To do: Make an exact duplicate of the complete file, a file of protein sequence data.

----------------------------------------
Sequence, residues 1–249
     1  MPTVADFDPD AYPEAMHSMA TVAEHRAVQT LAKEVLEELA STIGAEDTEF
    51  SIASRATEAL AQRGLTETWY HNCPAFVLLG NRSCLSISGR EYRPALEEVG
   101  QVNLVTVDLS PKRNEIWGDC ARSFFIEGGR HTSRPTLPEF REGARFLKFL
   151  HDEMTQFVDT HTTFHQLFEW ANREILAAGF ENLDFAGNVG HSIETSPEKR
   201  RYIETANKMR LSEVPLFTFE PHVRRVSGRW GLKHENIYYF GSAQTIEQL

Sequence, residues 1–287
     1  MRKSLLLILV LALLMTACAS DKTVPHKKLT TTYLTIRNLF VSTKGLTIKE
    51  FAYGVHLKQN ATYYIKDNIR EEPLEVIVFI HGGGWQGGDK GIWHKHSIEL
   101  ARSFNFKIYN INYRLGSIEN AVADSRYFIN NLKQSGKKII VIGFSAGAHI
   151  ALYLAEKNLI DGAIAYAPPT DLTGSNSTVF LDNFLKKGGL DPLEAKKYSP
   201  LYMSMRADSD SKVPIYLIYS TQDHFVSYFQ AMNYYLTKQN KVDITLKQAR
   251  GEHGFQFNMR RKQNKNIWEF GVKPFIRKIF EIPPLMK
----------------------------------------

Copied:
Sequence, residues 1–249
     1  MPTVADFDPD AYPEAMHSMA TVAEHRAVQT LAKEVLEELA STIGAEDTEF
    51  SIASRATEAL AQRGLTETWY HNCPAFVLLG NRSCLSISGR EYRPALEEVG
   101  QVNLVTVDLS PKRNEIWGDC ARSFFIEGGR HTSRPTLPEF REGARFLKFL
   151  HDEMTQFVDT HTTFHQLFEW ANREILAAGF ENLDFAGNVG HSIETSPEKR
   201  RYIETANKMR LSEVPLFTFE PHVRRVSGRW GLKHENIYYF GSAQTIEQL

Sequence, residues 1–287
     1  MRKSLLLILV LALLMTACAS DKTVPHKKLT TTYLTIRNLF VSTKGLTIKE
    51  FAYGVHLKQN ATYYIKDNIR EEPLEVIVFI HGGGWQGGDK GIWHKHSIEL
   101  ARSFNFKIYN INYRLGSIEN AVADSRYFIN NLKQSGKKII VIGFSAGAHI
   151  ALYLAEKNLI DGAIAYAPPT DLTGSNSTVF LDNFLKKGGL DPLEAKKYSP
   201  LYMSMRADSD SKVPIYLIYS TQDHFVSYFQ AMNYYLTKQN KVDITLKQAR
   251  GEHGFQFNMR RKQNKNIWEF GVKPFIRKIF EIPPLMK